We Own the Night – 2007 Gray2017-04-21T17:04:49+00:00

The Yards – 2000 Gray

After a disappointing debut, little odessa, it is the arrival of young auteur (31 at the time) James Gray Gray’s marks as auteur draw tons of similarities to coppola- the classic narrative here (which is really well done) owes much to the Godfather and american new wave cinema of the late 60’s and 70’s—his casting of james caan, Burstyn and Dunaway also are a nod to that—both Burstyn and Caan are terrific here Overall it’s just a jaw-dropping cast not only with those actors mentioned here previously but young actors Wahlberg, joaquin phoenix and Charlize theron The lighting and

The Yards – 2000 Gray2021-10-27T16:56:19+00:00

Accident – 1967 Losey

It opens with a powerful shot with accident audio off camera and a great dolly shot focusing in on the house From that strong opening there’s a real sense of strong framing with the bottle of whiskey, car, and bodies thrown from the accident The film as a whole is ultra-austere- just so understated and English- Bogarde is a big part of that with his manicured and internalized performance- he’s like a tea kettle slowly boiling after the woman he loves/lusts sleeps with basically everyone around him except him Heavily ambiguous and implied Interesting long sequence of acting with

Accident – 1967 Losey2017-04-19T14:13:51+00:00

The Entertainer – 1960 Richardson

It’s the second film from Richardson after his debut the year prior look back in anger (1959), part of the sort of british new wave but better known as like the angry British films from this era from him and Lindsay Anderson Full of cruel life and realism Olivier is absolutely brilliant here- he’s usually so regal in his performances but he’s a complete scoundrel or as someone mentions “a bit of a bastard”- shows Olivier’s range Early performances from Finney and Alan Bates and Livesey from colonel blimp is quite good as well Really haunting rendition of “why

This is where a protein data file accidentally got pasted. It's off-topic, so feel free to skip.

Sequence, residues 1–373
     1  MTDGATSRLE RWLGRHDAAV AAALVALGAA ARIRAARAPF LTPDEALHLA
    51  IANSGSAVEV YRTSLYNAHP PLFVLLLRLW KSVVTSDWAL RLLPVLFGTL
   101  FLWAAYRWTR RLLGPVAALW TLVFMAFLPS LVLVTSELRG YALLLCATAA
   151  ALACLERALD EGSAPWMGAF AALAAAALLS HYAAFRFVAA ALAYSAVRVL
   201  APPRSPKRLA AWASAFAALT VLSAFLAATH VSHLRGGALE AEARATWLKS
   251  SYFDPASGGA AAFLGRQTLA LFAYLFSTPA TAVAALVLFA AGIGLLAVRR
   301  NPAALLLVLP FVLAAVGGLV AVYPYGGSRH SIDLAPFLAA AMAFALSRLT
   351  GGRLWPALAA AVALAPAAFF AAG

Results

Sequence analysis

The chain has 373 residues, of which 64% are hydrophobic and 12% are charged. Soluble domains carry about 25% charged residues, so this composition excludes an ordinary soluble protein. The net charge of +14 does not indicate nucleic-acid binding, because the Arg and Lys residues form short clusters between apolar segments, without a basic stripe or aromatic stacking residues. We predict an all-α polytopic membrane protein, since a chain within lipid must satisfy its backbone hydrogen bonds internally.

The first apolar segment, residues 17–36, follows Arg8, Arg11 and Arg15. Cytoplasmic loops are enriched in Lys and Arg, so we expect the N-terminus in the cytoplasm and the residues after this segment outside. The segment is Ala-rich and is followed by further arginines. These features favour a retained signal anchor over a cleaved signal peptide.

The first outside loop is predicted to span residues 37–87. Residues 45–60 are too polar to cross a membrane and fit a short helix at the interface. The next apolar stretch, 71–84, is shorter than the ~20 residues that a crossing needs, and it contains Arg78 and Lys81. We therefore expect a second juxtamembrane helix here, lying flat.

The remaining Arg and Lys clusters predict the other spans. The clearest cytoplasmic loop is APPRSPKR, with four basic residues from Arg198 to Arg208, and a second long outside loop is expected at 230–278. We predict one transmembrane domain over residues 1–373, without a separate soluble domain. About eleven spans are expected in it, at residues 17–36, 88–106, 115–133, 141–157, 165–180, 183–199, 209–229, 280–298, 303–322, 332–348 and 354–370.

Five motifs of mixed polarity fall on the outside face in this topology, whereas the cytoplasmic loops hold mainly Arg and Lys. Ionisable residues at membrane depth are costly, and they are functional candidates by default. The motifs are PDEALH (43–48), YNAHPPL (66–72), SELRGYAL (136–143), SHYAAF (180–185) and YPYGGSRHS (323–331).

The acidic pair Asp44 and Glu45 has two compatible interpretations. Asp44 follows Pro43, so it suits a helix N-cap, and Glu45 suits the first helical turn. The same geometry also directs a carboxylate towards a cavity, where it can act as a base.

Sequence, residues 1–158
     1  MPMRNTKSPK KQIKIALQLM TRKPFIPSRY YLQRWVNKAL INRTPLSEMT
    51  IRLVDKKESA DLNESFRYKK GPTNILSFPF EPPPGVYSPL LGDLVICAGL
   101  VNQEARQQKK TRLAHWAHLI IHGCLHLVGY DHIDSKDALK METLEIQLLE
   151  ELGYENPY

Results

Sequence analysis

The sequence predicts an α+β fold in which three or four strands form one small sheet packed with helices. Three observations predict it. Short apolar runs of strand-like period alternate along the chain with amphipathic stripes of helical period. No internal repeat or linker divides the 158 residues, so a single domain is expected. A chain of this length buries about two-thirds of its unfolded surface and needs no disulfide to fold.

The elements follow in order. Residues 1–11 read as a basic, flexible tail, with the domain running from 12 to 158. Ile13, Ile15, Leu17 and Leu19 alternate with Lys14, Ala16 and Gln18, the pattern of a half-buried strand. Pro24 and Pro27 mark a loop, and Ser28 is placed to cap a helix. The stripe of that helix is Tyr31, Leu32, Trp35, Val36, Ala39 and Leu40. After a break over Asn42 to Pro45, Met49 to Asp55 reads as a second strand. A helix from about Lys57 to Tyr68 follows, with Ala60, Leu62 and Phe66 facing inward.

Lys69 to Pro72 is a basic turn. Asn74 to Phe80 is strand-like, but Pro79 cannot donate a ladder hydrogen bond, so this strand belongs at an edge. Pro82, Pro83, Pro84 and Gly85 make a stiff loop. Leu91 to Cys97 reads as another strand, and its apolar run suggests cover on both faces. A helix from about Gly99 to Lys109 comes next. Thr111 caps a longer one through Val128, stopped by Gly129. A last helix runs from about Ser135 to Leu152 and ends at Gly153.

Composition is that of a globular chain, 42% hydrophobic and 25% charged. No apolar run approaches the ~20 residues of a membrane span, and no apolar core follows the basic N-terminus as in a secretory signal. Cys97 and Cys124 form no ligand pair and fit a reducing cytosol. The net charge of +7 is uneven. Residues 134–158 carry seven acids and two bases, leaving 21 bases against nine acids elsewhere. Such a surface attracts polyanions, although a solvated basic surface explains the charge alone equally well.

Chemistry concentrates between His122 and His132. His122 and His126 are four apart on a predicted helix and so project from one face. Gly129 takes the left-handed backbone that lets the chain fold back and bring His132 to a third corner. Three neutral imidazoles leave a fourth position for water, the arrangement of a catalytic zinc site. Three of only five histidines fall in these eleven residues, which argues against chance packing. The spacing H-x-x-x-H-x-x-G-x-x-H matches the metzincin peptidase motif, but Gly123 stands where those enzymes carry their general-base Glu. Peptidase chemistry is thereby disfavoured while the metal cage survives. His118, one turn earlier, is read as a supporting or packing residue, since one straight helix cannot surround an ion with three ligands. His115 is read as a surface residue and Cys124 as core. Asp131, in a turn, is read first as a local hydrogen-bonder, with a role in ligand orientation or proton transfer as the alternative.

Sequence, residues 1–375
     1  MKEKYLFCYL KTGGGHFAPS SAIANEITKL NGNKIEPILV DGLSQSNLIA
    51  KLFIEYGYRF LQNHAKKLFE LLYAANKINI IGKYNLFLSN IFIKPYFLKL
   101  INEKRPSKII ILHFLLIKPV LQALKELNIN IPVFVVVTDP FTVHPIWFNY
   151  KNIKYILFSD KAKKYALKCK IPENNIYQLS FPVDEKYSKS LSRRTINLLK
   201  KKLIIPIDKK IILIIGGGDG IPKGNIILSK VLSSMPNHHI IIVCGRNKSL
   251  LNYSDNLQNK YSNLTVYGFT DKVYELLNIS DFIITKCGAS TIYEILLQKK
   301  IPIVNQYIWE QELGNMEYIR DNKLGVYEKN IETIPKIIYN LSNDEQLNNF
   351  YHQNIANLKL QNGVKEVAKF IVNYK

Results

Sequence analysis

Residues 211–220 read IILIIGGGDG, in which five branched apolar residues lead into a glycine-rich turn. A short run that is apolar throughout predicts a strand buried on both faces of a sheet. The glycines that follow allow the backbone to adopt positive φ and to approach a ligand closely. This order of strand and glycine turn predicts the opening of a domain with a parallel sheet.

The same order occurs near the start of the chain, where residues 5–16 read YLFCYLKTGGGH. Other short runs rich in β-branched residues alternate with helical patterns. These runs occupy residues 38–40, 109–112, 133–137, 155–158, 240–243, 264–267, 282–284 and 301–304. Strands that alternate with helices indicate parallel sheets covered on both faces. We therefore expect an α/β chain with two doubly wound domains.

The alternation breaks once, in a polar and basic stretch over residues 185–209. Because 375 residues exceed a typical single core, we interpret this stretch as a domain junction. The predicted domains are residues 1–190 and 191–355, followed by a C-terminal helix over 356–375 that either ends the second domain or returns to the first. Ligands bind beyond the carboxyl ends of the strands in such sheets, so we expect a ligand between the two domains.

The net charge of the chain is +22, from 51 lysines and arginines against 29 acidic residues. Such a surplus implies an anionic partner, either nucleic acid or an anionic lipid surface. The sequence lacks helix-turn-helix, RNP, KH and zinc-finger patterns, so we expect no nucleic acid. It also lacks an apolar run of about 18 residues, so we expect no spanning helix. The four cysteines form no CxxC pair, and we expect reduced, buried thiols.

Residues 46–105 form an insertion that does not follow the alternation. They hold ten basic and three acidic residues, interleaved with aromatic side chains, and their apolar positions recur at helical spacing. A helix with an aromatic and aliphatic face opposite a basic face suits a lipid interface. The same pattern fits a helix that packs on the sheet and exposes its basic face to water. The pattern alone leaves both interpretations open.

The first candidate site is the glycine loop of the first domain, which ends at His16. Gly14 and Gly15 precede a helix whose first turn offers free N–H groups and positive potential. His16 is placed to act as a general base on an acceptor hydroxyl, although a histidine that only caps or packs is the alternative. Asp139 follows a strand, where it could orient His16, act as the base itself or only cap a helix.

The Entertainer – 1960 Richardson2017-04-18T16:02:57+00:00

Citizen Kane – 1941 Welles

The film is nothing less than a perfect melding of cinematic ingenuity and narrative brilliance- both perfectly executed and daringly unique It’s jarring how different it looks than every other film before it and nearly every one since New angles and experimentation with miniatures, deep focus black and white photography The narrative flashback structure Heavy on montages but none of them throwaway or half hazard It begins Welles obsessions not only with windows (shots through windows and reflecting off windows) but mirrors as well (lady from shanghai) Certainly could be called, along with maybe raging bull, the best biopic

Citizen Kane – 1941 Welles2017-04-17T14:36:56+00:00

Sudden Impact – 1983 Eastwood

It’s the 2nd best Dirty Harry film after the 1971 Don Siegel original. This one isn’t nearly as good but again has a great director- this time Clint himself. Most well-known for the famous “go ahead and make my day line”. The line is superb but that’s not it, it’s great writing of course, but it doesn’t work without Eastwood in front of and behind the camera- it’s really well shot with a tight pull in Sandra Locke can’t act but just like her performance in josey wales she’s perfect for this role- she’s icy and traumatized killer and

Sudden Impact – 1983 Eastwood2017-04-17T13:51:08+00:00

Dirty Harry – 1971 Siegel

The opening shot- a pragmatically chosen zoom shot (yes it’s 1971 and zooms are abound but this is a sniper shot of the killer) In that opening shot the wonderful jazz score is given full showcase as well- it’s from the guy who did cool hand luke and the mission impossible tv show score Accused, famously, by Pauline Kael of being a facist right wing film. This is really a negative review and criticism that is outside of the film world though- it has no bearing on the quality of the film from an artistic evaluation standpoint I’ve seen

Dirty Harry – 1971 Siegel2020-07-03T10:31:42+00:00